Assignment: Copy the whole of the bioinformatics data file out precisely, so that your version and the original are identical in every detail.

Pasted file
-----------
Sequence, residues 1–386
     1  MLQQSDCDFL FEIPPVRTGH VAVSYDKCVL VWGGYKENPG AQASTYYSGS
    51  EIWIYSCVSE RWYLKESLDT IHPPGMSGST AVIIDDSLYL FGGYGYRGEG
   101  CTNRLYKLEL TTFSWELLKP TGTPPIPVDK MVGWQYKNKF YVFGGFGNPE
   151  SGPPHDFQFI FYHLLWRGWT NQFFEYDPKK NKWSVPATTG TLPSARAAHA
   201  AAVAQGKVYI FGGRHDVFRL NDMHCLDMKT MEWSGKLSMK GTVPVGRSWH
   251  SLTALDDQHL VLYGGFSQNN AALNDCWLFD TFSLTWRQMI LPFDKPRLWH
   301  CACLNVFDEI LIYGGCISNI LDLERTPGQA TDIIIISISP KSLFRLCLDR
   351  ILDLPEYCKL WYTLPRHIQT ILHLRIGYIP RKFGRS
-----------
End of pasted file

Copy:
Sequence, residues 1–386
     1  MLQQSDCDFL FEIPPVRTGH VAVSYDKCVL VWGGYKENPG AQASTYYSGS
    51  EIWIYSCVSE RWYLKESLDT IHPPGMSGST AVIIDDSLYL FGGYGYRGEG
   101  CTNRLYKLEL TTFSWELLKP TGTPPIPVDK MVGWQYKNKF YVFGGFGNPE
   151  SGPPHDFQFI FYHLLWRGWT NQFFEYDPKK NKWSVPATTG TLPSARAAHA
   201  AAVAQGKVYI FGGRHDVFRL NDMHCLDMKT MEWSGKLSMK GTVPVGRSWH
   251  SLTALDDQHL VLYGGFSQNN AALNDCWLFD TFSLTWRQMI LPFDKPRLWH
   301  CACLNVFDEI LIYGGCISNI LDLERTPGQA TDIIIISISP KSLFRLCLDR
   351  ILDLPEYCKL WYTLPRHIQT ILHLRIGYIP RKFGRS